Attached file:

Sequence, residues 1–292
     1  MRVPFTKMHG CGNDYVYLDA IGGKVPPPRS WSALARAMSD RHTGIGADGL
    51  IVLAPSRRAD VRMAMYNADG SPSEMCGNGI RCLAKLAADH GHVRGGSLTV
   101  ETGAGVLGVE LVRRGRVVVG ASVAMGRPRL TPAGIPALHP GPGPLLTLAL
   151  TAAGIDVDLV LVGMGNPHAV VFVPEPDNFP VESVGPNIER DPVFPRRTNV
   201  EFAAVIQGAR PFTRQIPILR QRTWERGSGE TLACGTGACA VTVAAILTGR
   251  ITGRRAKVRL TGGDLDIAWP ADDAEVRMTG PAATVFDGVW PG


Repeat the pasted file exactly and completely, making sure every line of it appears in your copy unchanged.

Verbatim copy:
Sequence, residues 1–292
     1  MRVPFTKMHG CGNDYVYLDA IGGKVPPPRS WSALARAMSD RHTGIGADGL
    51  IVLAPSRRAD VRMAMYNADG SPSEMCGNGI RCLAKLAADH GHVRGGSLTV
   101  ETGAGVLGVE LVRRGRVVVG ASVAMGRPRL TPAGIPALHP GPGPLLTLAL
   151  TAAGIDVDLV LVGMGNPHAV VFVPEPDNFP VESVGPNIER DPVFPRRTNV
   201  EFAAVIQGAR PFTRQIPILR QRTWERGSGE TLACGTGACA VTVAAILTGR
   251  ITGRRAKVRL TGGDLDIAWP ADDAEVRMTG PAATVFDGVW PG